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The point of bringing up Arrow's theorem is to debunk people who claim that certain voting systems are "more democratic" or "better" in some objective sense. What they should be saying is that they prefer a certain voting system because they value certain attributes of voting systems over others.



> The point of bringing up Arrow's theorem is to debunk people who claim that certain voting systems are "more democratic" or "better" in some objective sense.

That's actually an invalid use of it; while the concept of "better" is inherently subjective ("democratic" has multiple definitions, but many of them are objective) Arrow's theorem has nothing to do with that one way or the other.

Arrow's theorem says that a certain set of binary criteria that applies to voting systems that map from a set of ranked preferences to a single preference ranking cannot be met simultaneously, but it does not say anything one way or the other about the ability to differentiate objectively among voting systems on continuous-valued axes, including various operationalisations of "democratic".


Well if that's the point, I definitely disagree with it.

Some voting systems genuinely are more democratic or better than others in an objective sense. For example, a voting system where one person determined by their status in society has their vote count and everyone elses is discarded is objectively less democractic than a voting system where a ballot is selected at random from all voters and is taken to determine the result.

Neither of these systems is as democratic as a system where everyone votes for their favourite and the one with the most votes wins, and that in turn is not as democratic as a condorcet-loser system, where it's not possible for a candidate that the majority rank last to win.

Just because all of the options have problems, it doesn't mean that there aren't options that are completely dominated by others.


> For example, a voting system where one person determined by their status in society has their vote count and everyone elses is discarded is objectively less democractic than a voting system where a ballot is selected at random from all voters and is taken to determine the result.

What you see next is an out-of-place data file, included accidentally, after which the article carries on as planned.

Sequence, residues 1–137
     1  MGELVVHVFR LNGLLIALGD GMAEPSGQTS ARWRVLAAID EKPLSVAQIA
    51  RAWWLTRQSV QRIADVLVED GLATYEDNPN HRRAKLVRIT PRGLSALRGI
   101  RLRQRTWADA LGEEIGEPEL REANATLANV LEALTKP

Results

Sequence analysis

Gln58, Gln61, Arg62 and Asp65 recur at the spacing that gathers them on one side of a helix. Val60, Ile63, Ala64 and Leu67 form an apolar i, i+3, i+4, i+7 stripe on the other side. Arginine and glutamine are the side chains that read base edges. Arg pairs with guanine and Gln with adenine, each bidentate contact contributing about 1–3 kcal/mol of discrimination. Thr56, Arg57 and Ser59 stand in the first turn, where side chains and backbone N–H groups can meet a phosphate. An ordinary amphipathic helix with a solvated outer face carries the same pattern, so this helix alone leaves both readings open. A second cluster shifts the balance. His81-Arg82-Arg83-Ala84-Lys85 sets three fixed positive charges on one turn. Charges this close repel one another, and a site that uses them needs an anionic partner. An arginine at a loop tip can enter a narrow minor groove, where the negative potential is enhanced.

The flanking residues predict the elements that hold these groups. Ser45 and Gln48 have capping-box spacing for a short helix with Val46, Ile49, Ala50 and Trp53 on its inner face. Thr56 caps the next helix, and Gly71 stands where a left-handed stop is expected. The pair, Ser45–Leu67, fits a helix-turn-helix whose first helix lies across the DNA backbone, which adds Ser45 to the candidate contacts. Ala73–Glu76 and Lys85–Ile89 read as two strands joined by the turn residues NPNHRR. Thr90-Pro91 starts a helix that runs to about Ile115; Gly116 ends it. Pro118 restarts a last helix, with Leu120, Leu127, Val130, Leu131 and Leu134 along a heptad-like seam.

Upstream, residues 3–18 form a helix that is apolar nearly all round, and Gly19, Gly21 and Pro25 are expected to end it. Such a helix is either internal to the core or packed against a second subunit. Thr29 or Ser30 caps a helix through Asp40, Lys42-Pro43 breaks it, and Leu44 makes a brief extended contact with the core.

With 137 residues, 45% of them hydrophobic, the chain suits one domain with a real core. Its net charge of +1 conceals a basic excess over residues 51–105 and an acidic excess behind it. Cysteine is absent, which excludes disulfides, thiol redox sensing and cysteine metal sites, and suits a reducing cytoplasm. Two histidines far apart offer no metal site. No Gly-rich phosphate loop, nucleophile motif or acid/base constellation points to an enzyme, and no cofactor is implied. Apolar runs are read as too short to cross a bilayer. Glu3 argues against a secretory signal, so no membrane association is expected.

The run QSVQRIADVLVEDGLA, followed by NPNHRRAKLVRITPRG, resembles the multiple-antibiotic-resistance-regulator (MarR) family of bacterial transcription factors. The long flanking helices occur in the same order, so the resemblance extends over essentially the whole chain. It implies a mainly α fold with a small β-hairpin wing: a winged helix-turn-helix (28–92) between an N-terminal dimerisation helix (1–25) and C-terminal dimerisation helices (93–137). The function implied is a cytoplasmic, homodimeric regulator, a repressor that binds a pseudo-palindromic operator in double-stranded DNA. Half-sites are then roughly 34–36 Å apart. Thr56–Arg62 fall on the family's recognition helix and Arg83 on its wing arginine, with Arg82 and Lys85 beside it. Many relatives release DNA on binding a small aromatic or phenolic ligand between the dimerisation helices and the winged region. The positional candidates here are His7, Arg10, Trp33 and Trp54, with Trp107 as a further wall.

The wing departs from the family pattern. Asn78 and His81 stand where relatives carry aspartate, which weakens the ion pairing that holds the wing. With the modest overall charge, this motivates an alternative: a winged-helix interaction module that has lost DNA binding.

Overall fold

Obviously this is true, but this is rarely one of the voting systems being considered in any discussion about voting systems.


I'm responding to your claim that Arrows theorem debunks attempts to paint some voting systems as objectively more democratic or better than other voting systems.

If you think that Arrows theorem really does this, then you should stand by that assertion and defend all voting systems that Arrows theorem applies to as not objectively better than any other voting system that Arrows theorem applies to.

And yes, Arrows theorem applies to Dictatorship/Random Ballot/Plurality/Condorcet-loser methods which are the ones I used in my example.


It applies to dictatorship, but doesn't actually tell you anything about it.


I'm not sure the stochastic method you describe, if followed honestly (a big assumption, in practice) would be less democratic than plurality. Your general point stands, though, for sure.


There are reasonable and unreasonable definitions of "fair" and "better". Some voting systems have to have very very unreasonable (to a normal human) definitions of "fair" to be considered superior by any sort of consistent logic.


Arrow's theorem does not say no voting system can be better than any other in an objective sense. It says there is no voting system that is better than every other in every respect.


No, it doesn't say that, either. It says that there is no ranked-ballot voting system that meets a particular set of criteria. (Or, alternatively and perhaps more to the point, it says that the particular set of criteria it sets up are logically mutually contradictory.)


It does say that (about ranked-ballot voting systems), when you consider that each of those criteria does seem a positive attribute of a voting system if nothing else had to be traded away, and which can therefore quite reasonably be viewed as respects in which one voting system can be better than another. It's true that it doesn't apply to scoring systems, but Condorcet's Other Paradox says that no scoring system can be Condorcet consistent so that's a respect in which some ranked ballot voting systems are better in at least one respect than any scoring method.

The general point stands that there is no voting method that dominates every other voting method, but that there can be voting methods that dominate individual other voting methods.




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